Generally, there are two main issues to address when optimizing the bit allocation loop. The first issue is the calculation of the non-uniformly quantized spectrum. The calculation of the non-uniform quantized spectrum could be accomplished using any one or combinations of different methods including, for example, using a lookup table combined with an interpolation scheme.

The second issue is the derivation of the quantization parameters. The quantization parameters could include, for example, the global scale factor (the rate controlling parameter) and the scale factors (the distortion controlling parameter). In one embodiment, Trellis-based optimization methods could derive scale factors and to optimize the Huffman Codebook selection. To reduce the number of iterations, one embodiment of the present disclosure could use the previous frame quantization parameters as a reference or starting point.

In one embodiment, the present disclosure provides an alternative low-power implementation of the inner iteration loop 204 or method 300 for bit allocation and quantization module 106 in perceptual encoder 100.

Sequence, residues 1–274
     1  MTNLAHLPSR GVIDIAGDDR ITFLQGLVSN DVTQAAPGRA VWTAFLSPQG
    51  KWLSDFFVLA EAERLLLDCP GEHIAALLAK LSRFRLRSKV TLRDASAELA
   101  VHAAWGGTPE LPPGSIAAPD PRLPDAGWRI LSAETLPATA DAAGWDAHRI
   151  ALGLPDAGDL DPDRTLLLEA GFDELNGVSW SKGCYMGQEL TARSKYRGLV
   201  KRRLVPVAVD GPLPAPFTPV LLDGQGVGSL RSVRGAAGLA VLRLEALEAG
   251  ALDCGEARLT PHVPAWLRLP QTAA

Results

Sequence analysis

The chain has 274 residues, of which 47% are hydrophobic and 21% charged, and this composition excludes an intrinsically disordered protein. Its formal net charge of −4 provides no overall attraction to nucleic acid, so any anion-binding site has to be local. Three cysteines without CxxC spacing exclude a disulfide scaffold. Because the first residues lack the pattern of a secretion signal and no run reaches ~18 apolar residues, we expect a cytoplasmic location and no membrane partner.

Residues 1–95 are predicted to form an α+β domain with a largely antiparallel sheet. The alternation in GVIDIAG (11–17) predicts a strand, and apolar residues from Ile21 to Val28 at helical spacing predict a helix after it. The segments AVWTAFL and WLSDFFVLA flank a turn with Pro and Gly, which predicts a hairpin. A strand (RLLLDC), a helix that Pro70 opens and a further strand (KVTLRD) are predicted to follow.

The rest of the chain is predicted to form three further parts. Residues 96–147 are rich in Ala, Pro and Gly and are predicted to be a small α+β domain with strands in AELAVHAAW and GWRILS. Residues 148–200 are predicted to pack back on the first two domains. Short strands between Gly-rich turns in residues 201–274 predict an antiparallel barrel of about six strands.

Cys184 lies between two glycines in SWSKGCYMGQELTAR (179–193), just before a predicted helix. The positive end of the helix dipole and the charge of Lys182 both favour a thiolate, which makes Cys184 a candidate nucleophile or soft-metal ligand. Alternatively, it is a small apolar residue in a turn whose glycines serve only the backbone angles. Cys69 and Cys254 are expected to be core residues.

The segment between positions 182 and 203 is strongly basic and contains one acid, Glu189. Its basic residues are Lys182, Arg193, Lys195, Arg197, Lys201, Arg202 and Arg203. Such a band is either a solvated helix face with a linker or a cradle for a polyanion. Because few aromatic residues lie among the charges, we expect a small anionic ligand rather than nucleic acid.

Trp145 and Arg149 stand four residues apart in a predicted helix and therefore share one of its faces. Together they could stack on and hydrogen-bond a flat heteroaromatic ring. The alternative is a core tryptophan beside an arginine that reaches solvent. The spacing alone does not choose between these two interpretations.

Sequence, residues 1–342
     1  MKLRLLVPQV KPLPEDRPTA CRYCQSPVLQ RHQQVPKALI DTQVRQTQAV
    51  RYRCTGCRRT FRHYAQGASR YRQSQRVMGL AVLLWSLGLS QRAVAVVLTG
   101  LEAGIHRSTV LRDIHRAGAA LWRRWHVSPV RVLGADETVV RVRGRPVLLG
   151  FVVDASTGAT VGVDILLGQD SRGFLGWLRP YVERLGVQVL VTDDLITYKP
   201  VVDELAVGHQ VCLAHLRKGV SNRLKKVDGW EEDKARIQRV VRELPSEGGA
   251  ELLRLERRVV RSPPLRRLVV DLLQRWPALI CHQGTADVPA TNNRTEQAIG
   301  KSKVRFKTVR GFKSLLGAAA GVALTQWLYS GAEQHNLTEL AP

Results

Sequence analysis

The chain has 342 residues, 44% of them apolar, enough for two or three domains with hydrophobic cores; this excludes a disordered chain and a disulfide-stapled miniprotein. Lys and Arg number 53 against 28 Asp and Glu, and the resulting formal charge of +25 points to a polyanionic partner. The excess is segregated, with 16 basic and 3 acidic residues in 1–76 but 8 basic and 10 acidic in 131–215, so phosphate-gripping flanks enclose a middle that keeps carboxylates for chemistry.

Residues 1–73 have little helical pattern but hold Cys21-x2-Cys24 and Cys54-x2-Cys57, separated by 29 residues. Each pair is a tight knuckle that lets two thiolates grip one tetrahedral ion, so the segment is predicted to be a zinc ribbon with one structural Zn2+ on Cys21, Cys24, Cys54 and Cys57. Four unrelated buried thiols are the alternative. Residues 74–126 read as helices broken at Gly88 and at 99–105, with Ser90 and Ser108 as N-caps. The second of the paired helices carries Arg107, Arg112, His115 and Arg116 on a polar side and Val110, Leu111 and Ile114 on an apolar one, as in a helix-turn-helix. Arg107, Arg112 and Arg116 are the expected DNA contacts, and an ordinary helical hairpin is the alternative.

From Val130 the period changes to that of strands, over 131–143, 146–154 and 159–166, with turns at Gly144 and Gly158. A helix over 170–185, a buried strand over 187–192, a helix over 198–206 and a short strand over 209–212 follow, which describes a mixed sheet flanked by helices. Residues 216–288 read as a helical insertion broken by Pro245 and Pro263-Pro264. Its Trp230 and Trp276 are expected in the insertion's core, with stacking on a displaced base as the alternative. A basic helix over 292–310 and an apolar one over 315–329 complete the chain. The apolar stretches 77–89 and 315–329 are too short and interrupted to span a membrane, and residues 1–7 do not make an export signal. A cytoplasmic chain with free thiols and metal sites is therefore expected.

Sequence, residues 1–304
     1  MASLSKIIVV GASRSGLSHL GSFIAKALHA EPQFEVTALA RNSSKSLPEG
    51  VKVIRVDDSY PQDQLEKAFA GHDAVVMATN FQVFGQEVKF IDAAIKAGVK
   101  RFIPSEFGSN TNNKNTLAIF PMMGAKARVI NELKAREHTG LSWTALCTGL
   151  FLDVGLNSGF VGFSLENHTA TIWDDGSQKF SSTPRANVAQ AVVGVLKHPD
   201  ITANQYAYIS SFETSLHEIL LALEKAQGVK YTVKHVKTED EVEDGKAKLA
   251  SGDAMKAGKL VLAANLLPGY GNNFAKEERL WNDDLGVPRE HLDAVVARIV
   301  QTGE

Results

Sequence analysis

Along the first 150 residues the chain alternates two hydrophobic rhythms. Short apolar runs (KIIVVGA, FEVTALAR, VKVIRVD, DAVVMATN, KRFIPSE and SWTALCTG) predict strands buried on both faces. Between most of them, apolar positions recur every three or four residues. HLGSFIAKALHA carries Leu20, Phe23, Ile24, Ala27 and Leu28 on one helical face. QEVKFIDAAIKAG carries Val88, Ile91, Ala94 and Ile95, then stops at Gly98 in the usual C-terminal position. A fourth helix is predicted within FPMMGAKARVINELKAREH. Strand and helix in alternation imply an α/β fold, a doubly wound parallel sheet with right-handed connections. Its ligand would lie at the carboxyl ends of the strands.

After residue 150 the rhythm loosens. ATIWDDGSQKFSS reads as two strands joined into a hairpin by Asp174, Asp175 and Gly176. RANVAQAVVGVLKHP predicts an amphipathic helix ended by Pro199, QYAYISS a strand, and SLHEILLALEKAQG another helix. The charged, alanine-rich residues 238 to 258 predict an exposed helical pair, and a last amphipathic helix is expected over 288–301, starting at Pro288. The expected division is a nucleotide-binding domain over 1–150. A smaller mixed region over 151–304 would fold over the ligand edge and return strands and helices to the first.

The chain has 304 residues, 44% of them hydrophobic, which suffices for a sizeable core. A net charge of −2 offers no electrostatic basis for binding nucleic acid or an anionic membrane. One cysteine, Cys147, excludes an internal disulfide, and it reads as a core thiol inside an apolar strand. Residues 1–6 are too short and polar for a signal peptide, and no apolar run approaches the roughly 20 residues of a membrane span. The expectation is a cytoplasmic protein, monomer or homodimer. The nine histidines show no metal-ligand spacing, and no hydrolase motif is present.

Since only inner iteration loop 204 or method 300 are discussed here, the relevant parameter involved is the global scale factor. A typical non-uniform quantizer used in perceptual coder 100 is shown by the relationship found in Equation 1 below.

x_quantized ( i , k ) = int [ x ( i , k ) 3 / 4 2 3 16 ( gl - scf ( i ) ) + C ] ( Eqn . 1 )

In Equation 1, i is the scale factor band index, x are the spectral values within that band to be quantized, k is the spectral index, C is a constant, gl is the global scale factor, and scf(i) is the scale factor value.

The calculation in Equation 1 is performed to each of the spectral lines every time the inner iteration loop 204 or method 300 is called upon. Moreover, whenever there is adjustment in the quantization step size (determined by the gl and scf(i)), this calculation is repeated. One embodiment of the present disclosure generally provides a method to simplify this calculation.